Q OK, OK, but wait on a minute! So, you say this universal income doesn’t come from higher taxes? We have a magic money tree?
Yes, we do, but at the moment it serves only already-wealthy people. They’re currently expropriating the money tree unto themselves although they don’t work to do so. This also assists to explain how the middle class has become poorer over the last forty years and wage growth has declined.
The magic money tree is the annual value of our natural resources, sometimes called ‘economic rent’. Dr Gavin Putland wrote a paper Trickle-Up Economics for Prosper Australia in 2019 which assessed the economic rent generated by Australians as a whole—not by any individuals—to have become 50% of the Australian economy.
If we see this 50% of the economy to be a composite, not only of our annual land and natural resource wealth, but also of the extractive deadweight losses from taxes and the excess burden that they have passed on into the economy, we have a clue from where we may derive a universal income.
Q Oh, I see! You’re going to tax land values? But that’s communism?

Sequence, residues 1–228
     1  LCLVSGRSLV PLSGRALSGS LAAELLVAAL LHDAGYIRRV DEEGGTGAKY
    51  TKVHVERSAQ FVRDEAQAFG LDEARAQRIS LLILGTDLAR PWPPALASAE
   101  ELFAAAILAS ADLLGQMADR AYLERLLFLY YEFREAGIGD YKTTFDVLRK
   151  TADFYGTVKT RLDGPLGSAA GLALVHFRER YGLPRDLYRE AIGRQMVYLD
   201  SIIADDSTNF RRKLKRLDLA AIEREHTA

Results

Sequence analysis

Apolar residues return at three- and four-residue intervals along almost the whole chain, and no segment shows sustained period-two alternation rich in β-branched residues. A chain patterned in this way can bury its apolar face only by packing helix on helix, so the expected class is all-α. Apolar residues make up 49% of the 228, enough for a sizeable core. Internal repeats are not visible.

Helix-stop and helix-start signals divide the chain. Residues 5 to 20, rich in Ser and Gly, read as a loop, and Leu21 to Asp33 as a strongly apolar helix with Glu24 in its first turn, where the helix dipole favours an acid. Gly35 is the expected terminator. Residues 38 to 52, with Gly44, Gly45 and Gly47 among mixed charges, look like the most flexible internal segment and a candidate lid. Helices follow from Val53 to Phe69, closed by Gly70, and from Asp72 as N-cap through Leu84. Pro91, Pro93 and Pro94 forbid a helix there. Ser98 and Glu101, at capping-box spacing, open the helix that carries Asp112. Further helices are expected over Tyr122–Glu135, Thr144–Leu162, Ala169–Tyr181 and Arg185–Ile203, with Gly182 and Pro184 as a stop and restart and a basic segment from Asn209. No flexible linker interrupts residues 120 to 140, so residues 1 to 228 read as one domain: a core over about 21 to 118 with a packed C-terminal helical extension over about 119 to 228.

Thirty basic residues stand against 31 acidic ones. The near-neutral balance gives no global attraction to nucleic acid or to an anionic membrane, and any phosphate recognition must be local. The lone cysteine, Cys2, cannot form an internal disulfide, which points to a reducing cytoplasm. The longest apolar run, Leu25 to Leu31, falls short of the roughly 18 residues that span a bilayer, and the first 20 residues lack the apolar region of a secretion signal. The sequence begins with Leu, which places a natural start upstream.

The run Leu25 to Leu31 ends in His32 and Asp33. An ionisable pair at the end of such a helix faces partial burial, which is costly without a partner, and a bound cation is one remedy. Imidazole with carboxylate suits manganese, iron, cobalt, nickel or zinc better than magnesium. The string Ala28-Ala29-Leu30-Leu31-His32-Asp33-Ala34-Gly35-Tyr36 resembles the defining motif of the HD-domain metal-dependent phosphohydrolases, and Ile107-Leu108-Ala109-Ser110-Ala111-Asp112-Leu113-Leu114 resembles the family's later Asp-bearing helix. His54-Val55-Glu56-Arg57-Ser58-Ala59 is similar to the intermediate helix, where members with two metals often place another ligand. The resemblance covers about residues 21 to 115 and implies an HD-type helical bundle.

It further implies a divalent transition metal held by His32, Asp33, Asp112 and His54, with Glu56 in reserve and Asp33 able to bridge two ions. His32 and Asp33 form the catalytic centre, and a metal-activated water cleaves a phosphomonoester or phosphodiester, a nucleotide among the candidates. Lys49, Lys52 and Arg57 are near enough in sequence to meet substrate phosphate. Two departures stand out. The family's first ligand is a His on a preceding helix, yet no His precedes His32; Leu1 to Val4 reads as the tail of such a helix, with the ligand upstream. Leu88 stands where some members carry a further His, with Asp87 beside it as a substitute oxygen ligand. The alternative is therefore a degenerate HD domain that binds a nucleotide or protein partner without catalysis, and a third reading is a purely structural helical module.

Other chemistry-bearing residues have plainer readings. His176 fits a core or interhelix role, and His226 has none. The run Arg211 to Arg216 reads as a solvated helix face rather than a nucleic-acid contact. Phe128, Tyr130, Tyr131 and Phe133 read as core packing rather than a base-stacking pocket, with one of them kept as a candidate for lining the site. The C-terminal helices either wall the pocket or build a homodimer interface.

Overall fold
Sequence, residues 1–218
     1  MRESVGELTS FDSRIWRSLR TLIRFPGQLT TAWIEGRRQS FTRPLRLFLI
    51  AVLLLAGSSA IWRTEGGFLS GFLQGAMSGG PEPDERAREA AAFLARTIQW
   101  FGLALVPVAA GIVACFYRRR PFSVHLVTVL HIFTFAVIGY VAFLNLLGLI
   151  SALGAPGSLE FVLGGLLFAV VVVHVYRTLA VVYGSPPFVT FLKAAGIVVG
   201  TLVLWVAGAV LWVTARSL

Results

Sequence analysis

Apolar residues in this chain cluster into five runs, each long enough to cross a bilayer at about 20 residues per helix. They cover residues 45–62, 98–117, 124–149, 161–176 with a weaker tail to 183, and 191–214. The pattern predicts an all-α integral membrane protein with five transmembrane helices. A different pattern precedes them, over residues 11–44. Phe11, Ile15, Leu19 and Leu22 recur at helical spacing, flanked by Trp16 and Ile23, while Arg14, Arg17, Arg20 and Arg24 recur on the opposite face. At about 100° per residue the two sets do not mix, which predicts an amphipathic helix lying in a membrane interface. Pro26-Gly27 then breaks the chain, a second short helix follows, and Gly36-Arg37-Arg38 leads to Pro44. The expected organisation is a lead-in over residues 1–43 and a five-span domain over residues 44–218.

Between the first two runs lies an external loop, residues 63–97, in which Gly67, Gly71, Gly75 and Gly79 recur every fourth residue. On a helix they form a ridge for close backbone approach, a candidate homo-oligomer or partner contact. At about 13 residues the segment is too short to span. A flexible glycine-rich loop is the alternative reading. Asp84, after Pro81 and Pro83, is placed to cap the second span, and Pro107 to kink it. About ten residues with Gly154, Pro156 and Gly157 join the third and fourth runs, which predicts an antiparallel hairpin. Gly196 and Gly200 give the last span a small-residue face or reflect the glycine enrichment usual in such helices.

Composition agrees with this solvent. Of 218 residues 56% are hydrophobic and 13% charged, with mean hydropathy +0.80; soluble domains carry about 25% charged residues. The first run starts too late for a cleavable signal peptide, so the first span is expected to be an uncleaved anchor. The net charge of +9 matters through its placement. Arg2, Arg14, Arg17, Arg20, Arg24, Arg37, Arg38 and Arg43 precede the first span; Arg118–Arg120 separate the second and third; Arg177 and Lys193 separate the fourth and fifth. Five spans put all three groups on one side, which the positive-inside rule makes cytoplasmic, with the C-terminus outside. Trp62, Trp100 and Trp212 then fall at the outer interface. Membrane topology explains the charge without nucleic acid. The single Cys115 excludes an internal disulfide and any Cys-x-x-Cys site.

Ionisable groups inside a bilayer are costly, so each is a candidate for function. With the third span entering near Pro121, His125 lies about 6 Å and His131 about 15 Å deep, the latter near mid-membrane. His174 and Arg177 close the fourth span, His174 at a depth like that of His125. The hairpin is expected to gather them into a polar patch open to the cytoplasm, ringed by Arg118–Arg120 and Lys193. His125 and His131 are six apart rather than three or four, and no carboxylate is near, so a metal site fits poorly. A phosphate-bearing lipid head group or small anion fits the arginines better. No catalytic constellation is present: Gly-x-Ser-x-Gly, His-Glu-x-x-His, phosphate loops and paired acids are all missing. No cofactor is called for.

No. No communist country has both introduced a universal income and untaxed labour and capital. The following chart shows the incidence of US property taxes during the Progressive Era at local and state government levels. Australia managed to outdo the US with land and property taxes at all three levels of government during the same period. Under the influence of neoclassical economists, both countries retrogressed sharply at the Great Depression. It is difficult to argue that America and Australia were communist countries during the Progressive Era.
Q How can you say this universal income comes out of the economic rent currently expropriated by the wealthy, though?
OK, imagine that we institute a significant universal income ….
Q Wait a minute! Nobody would want to work! Everybody would do their own thing! I work. Everyone should work. We don’t want malingerers!
It’s true that the poorest people would be released from wage slavery to be able to ‘do their own thing’. That’s bad? However, to suggest that people won’t work unless they’re made to do so is to ignore that some form of work is innate to our existence, to the human experience, even if it is to do unpaid work. Could it be that ‘malingerers’ are more likely to be the victims of the current badly-devised distributional system?
Q Maybe. But how does a universal income come out of this economic ‘rent’?